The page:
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Everywhere he's gone in the world of high tech motorsports, Adrian Newey has been the architect of winning cars. Currently technical director for Red Bull Racing, the reigning two-time World Championship team in Formula One, Newey is charged with keeping the team atop the world motorsports pyramid in 2012.
It's not an easy task, made even more pressing with new regulations that limit - and often frustrate - designers like Newey. The best always overcome whatever curve balls are thrown their way; Newey is certainly among the best in his business.
Having lost the forward exhaust technology they pioneered due to regulations for the 2012 season, Red Bull have had to make late adjustments to the RB8, which derives from the RB5 and is the fourth iteration. "The last few years have been really good, really successful," Newey said. It's been an incredible journey to get there." Yet there are always pressures to stay at the top.
"We have lost the exhaust technology with the restriction exhaust outlet position that we were able to develop and perhaps be ahed of the pack on, in the last cople of years," Newey mused, "and that led to a big re-think over the winter." Whether that will affect Red Bull more than other teams, he doesn't know.
"We designed the RB7 (last year's car) around that exhaust position and were probably the only people to do so, so it may be that we've lost more than other people through that. Only time will tell; it will be good to get out to do some testing to see where we get to," Newey said.
Restricting regulations are frustrating to any technical department. "Regulation changes I enjoy," Newey noted. "Regulation restrictions I rather lament."
Because last year's championship car was designed around the exhaust blown diffuser, Newey has had to go back to previous designs and look at side exhaust systems to "make sure that the routes we had taken that were only suitable for that exhaust position were routes we now had to re-evaluate. Probably one of the key things here is the rear ride height," as the RB7 was able to maintain a high rear height. "Now we have to go back down and have to redevelop the car around that lower ride height," he said.
The height reduction at the nose of this year's F1 cars is another major change for all designers but, "It really hasn't changed the chassis shape very much. We've kept more of less the same chassis shape, but to drop the nose just in front of the front bulkhead has led us to, I'd probably say, a slightly ugly looking nose. It's not a feature you would choose to put in were it not for the regulation," Newey opined.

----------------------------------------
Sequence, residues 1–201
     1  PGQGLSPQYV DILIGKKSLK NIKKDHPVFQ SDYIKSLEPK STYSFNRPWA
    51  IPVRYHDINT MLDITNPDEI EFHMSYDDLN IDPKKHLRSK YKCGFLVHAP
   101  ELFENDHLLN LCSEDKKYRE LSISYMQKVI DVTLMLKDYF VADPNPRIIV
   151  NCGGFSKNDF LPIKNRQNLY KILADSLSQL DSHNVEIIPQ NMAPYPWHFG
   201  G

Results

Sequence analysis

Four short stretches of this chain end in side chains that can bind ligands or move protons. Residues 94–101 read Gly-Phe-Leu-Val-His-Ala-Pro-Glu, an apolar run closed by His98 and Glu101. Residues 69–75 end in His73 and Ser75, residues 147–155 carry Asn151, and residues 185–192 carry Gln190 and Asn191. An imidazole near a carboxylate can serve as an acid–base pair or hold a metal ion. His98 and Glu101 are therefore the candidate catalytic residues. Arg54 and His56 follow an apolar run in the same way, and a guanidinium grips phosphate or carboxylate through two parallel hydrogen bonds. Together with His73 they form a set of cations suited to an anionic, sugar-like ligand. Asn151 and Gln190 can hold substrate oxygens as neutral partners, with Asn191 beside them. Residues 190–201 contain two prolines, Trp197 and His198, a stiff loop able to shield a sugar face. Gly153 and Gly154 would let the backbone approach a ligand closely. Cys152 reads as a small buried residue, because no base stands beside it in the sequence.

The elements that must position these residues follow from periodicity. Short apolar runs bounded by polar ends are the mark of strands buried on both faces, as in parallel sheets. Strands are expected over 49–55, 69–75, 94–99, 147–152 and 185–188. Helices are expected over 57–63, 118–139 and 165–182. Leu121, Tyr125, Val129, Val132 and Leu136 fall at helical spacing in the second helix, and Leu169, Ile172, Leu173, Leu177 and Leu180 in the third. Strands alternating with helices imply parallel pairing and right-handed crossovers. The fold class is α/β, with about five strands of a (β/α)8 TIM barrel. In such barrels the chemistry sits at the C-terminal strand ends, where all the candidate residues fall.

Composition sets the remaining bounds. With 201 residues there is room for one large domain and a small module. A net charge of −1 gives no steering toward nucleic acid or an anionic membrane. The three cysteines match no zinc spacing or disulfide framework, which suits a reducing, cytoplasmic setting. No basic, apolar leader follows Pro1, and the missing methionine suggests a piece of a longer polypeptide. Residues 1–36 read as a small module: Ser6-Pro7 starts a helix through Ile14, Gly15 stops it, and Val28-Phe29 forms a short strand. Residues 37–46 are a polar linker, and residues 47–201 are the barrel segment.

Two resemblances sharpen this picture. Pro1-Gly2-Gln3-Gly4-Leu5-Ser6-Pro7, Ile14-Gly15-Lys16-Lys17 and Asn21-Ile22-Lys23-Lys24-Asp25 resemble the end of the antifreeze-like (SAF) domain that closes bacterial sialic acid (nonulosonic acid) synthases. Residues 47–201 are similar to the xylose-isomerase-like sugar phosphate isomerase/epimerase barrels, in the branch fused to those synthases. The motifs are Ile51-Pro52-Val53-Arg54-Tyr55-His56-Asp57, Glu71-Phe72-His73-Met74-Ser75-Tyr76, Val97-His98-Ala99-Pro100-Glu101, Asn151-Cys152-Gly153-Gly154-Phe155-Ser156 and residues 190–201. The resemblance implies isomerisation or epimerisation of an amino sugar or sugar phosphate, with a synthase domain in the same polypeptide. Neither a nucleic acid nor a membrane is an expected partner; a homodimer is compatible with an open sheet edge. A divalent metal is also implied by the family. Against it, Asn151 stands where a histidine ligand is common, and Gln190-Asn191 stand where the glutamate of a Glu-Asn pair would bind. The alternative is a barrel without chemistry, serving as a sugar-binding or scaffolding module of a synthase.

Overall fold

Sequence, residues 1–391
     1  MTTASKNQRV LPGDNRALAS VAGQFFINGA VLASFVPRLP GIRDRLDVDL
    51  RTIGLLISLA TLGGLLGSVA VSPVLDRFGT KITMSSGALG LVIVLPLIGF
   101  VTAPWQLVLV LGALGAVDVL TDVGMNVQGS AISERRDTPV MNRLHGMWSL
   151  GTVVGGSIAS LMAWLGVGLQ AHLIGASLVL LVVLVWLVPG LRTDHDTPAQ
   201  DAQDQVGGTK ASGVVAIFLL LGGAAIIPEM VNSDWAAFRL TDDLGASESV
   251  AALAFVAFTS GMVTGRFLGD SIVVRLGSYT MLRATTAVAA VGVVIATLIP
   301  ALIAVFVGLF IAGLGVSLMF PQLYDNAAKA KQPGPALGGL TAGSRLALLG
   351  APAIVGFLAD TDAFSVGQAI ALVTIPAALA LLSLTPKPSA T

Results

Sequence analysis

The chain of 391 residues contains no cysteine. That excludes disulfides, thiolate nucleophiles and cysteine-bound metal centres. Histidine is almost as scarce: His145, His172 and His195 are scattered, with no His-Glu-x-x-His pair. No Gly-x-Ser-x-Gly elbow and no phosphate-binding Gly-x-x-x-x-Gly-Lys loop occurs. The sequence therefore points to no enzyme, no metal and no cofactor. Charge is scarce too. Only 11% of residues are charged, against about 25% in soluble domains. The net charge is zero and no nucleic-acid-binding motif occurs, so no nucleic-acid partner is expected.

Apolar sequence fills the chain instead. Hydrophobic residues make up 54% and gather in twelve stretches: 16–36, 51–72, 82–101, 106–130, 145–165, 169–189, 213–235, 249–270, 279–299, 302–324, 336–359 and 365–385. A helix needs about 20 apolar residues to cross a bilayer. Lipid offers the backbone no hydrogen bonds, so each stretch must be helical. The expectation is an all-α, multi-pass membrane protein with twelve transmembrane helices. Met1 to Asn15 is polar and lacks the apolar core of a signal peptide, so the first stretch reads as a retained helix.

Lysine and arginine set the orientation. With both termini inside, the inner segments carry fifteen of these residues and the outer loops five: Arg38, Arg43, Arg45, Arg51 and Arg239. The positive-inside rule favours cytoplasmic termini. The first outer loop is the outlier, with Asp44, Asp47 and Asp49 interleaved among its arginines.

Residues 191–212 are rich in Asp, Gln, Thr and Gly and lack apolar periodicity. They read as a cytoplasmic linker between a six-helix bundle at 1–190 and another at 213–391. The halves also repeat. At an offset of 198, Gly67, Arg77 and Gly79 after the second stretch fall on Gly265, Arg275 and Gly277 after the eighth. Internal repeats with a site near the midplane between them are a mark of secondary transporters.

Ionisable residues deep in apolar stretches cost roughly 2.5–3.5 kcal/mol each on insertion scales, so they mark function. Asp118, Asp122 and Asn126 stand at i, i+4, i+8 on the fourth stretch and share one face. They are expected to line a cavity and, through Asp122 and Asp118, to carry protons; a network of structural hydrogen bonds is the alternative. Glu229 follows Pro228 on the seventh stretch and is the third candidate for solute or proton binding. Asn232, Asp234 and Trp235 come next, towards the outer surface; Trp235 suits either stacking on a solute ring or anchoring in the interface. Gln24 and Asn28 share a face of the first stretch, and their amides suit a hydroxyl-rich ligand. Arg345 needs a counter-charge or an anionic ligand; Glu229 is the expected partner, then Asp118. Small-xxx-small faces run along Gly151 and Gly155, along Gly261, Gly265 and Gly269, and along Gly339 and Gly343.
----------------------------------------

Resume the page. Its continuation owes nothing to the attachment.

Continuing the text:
Just like the drivers for whom he designs cars, Newey has to keep his motivation level high. He realizes he's been quite lucky to have "a good amount of success." While he's often asked about potential retirement, "As long as I keep enjoying it then I'd like to keep going," he said. "What really fascinates me about it is the technical challenge the fact that we've moved a very high, fast pace, so every two weeks we're out being evaluated.
"If we're doing well, that's great, and if we're doing poorly it's painful, so at least you know where you are and you get to see the product of your work very quickly." Newey enjoys the atmosphere at his place of work, too. "I really enjoy working with my colleagues, my fellow engineers here at Milton Keynes, with the drivers of course at the track and it's a job that has many facets and many varieties that you always get that immediate feedback. That really motivates me about the job."
Newly named an OBE by Queen Elizabeth, Newey has great praise for his driving duo of double champion Sebastian Vettel and veteran Mark Webber. He also appreciates the youth of the Red Bull team. "We are a young team with tremendous spirit and determination, which means we do learn and we do try to evaluate and to continue to criticize ourselves and see how we can improve. I would hope, with the confidence of the last few years and our steady improvement, we can keep maintaining and keep learning."